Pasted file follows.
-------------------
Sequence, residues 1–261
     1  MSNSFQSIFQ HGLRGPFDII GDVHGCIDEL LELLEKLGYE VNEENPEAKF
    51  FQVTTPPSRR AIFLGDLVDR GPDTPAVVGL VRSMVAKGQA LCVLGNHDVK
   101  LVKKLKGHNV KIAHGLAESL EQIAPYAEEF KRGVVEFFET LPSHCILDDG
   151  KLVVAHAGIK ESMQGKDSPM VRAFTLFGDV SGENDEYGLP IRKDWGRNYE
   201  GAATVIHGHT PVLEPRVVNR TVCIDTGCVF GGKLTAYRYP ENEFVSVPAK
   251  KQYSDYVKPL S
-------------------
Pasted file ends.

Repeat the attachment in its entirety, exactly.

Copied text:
Sequence, residues 1–261
     1  MSNSFQSIFQ HGLRGPFDII GDVHGCIDEL LELLEKLGYE VNEENPEAKF
    51  FQVTTPPSRR AIFLGDLVDR GPDTPAVVGL VRSMVAKGQA LCVLGNHDVK
   101  LVKKLKGHNV KIAHGLAESL EQIAPYAEEF KRGVVEFFET LPSHCILDDG
   151  KLVVAHAGIK ESMQGKDSPM VRAFTLFGDV SGENDEYGLP IRKDWGRNYE
   201  GAATVIHGHT PVLEPRVVNR TVCIDTGCVF GGKLTAYRYP ENEFVSVPAK
   251  KQYSDYVKPL S